89. 89. Nursing Care and Rehabilitation • Physiotherapy, proper positioning and early mobilization – prevent pressure sores. • Support stockings – prevent deep vein thrombosis and pulmonary embolism. • Swallowing difficulties. • Lead to silent aspiration – aspiration pneuomonia. •Nasogastric tube feeding. • Percutanious endoscopic gastrostomy.
    90. 90. Rehabilitation • Physiotherapy, occupational therapy, speech therapy and psychology input – multidisciplinary stroke rehabilitation team. • Home visit by occupational therapist to plan adaptations to home before discharge.
    91. 91. Secondary Preventation • Control hypertension and diabetes mellitus. • Correct lipid abnormality. • Stop cigarette smoking. • Stop thrombogenic drugs e.g. oral contraceptives.
    92. 92. • Give platlet antiaggregation drugs to reduce the rate of reinfarction. • Low dose aspirin (75 mg – 150 mg), if patient allergic or has gastrointestinal side effects give ticlopidine. Regular blood tests because of a small risk of neutropoenia. • Remove or treat embolic source (long term anticoagulation in atrial fibrillation). • Treat inflammatory or vascular inflammatory diseases. Secondary Preventation II
    93. 93. • Carotid Endarterectomy – preventing stroke in symptomatic patients with recent TIA and stroke and severe stenosis of the internal carotid artery (at least 70%). Secondary Preventation III
    94. 94. Chain of Survival Stroke • Stroke Chain of Survival • Detection • Early sx recognition • Dispatch • Prompt EMS response • Delivery • Transport, approp, prehospital care, prearrival notification • Door • ER Triage • Data • ER evaluation incl, CT, etc. • Decision • Appropriate therapies • Drug/Therapy
    95. 95. Detect & Dispatch • Detection: Early Recognition • Public education of Stroke sx • Early access to medical care • Dispatch: Early EMS and PDI’s • Caller triage • EMD recognition of Stroke sx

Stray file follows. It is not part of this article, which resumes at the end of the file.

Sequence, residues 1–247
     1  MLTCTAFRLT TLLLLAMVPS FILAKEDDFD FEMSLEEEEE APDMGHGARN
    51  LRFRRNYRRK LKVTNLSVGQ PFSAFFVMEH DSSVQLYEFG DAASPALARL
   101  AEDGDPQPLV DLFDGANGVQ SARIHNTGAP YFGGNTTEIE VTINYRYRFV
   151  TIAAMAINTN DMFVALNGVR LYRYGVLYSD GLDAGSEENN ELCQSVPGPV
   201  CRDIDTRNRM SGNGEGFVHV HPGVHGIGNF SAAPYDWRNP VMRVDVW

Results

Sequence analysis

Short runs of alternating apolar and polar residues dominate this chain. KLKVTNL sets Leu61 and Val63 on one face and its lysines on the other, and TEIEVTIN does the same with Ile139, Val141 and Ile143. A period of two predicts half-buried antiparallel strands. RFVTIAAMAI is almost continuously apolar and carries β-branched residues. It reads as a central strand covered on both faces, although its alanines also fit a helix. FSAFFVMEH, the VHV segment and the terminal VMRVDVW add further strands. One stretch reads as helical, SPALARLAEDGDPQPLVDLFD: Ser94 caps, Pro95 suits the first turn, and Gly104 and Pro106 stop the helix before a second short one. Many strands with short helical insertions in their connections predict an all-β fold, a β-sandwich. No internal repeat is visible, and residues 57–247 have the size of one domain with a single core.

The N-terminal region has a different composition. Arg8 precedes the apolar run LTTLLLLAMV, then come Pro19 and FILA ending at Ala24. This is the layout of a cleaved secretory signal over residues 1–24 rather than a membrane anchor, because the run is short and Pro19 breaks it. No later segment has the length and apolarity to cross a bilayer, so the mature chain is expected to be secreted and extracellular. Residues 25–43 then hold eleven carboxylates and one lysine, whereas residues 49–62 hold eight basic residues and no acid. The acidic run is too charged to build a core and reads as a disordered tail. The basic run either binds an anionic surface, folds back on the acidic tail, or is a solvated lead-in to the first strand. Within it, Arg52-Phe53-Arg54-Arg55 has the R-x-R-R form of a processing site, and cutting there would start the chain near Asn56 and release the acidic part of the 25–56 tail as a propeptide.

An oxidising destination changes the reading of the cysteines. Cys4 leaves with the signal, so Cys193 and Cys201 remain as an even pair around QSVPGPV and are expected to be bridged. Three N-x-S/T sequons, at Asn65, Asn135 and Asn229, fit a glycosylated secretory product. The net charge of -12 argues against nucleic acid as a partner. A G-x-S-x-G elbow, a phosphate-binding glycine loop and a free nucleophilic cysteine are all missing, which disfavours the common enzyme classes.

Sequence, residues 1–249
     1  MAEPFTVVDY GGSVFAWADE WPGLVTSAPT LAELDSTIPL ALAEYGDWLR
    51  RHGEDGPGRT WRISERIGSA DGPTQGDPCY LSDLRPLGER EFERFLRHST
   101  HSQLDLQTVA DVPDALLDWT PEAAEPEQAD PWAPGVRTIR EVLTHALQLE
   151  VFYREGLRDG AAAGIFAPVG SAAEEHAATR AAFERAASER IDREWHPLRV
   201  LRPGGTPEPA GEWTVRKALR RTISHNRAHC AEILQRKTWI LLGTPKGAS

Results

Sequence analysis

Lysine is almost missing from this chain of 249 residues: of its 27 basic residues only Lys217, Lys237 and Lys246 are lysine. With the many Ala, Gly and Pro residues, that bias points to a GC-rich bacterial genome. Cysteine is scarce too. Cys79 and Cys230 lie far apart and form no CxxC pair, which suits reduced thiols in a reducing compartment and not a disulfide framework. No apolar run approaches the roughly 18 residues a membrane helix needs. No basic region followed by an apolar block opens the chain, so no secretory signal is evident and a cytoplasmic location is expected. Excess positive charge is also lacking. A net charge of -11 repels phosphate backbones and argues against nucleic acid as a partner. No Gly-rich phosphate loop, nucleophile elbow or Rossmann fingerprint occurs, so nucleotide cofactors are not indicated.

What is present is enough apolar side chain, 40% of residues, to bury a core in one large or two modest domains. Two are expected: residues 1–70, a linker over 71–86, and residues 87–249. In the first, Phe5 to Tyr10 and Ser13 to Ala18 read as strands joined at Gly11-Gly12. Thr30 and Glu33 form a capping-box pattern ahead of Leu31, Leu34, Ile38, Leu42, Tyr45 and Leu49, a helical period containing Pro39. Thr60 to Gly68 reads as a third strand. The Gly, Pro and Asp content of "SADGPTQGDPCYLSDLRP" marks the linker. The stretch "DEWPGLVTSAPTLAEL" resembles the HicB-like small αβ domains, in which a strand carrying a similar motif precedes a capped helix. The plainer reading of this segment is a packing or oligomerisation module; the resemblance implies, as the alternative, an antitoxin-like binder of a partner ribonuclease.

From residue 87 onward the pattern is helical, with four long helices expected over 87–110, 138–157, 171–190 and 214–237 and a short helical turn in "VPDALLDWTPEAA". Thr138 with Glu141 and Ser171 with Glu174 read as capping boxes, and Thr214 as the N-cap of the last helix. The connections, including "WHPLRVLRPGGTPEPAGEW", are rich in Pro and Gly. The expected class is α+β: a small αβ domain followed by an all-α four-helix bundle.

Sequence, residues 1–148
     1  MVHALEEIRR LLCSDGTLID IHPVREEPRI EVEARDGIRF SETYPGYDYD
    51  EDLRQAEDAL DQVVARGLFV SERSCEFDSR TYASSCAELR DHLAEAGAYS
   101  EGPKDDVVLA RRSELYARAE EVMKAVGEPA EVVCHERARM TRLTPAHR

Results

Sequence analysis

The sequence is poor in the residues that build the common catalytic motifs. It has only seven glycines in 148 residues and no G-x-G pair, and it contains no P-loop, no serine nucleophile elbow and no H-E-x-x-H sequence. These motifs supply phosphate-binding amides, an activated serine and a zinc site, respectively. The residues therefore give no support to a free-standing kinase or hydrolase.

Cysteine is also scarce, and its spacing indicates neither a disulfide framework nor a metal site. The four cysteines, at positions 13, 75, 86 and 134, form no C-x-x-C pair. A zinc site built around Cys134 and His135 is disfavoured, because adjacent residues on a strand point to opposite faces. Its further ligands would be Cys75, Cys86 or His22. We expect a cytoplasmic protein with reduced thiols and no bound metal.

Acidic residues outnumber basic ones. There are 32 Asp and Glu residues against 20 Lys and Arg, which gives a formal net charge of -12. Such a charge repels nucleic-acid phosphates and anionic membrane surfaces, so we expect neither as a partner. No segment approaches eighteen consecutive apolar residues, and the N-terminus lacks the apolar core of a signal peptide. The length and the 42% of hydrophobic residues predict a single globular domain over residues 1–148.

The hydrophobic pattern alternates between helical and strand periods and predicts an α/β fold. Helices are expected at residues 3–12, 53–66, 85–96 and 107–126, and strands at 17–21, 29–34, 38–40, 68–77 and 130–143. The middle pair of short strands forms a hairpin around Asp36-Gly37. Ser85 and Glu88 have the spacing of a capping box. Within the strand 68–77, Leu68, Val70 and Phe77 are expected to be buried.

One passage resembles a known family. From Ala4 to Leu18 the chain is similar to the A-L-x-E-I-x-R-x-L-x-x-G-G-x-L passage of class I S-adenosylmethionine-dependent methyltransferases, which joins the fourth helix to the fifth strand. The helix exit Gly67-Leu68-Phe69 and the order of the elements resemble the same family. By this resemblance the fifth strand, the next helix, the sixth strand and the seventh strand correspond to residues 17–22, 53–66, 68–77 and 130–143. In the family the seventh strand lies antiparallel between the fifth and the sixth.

96. 96. How to detect? • Delivery: • Pre-hospital Transport and Management How we scale the pre- hospital management of the patient?
    97. 97. CINCINNATI STROKE SCALE
    98. 98. CINCINNATI STROKE SCALE • Identifies patients with strokes. • It evaluates three major physical findings. •Facial droop •Motor arm weakness •Speech abnormalities
    99. 99. CSS - Facial Droop • Have the patient show their teeth or smile. • Normal – both sides of the face move equally well • Abnormal – one side of the face does not move as well as the other side
    100. 100. Arm Drift • Have the patient close his/her eyes and hold both arms out. • Normal – both arms move the same way, or both arms do not move at all. • Abnormal – one arm does not move or one arm drifts down compared to the other arm. Other findings such as pronator grip, may be helpful
    101. 101. Speech • Have the patient say “You can’t teach an old dog new tricks.” – “Perlambagaan Malaysia” • Normal – patient uses correct words with no slurring. • Abnormal – patient slurs words, uses inappropriate words, or is unable to speak
    102. 102. “You can’t teach an old dog new tricks.”
    103. 103. Cincinnati Prehospital Stroke Scale • Patients with 1 of these 3 findings -as a new event - have a 72% probability of an ischemic stroke. • If all 3 findings are present the probability of an acute stroke is more than 85% • Immediately contact medical control and the destination ED and provide prearrival notification.
    104. 104. Stroke – Management In Review: Prehospital Critical Actions • Assess and support cardiorespiratory function • Assess and support blood glucose • Assess and support oxygenation and ventilation • Assess neurologic function • Determine precise time of symptom onset • Determine essential medical information • Provide rapid emergent transport to ED • Notify ED that a possible stroke patient is en route
    105. 105. Stroke - Management • Door: ER Triage • Stroke evaluation targets for stroke patients who are thrombolytic candidates Door-to–doctor first sees patient …….………… 10 min Door-to–CT completed …….………………….. 25 min Door-to–CT read ...…………..………………… 45 min Door-to–fibrinolytic therapy starts …………….. 60 min Neurologic expertise available* …..…………… 15 min Neurosurgical expertise available* …………… 2 hours Admitted to monitored bed ..……...…………… 3 hours *By phone or in person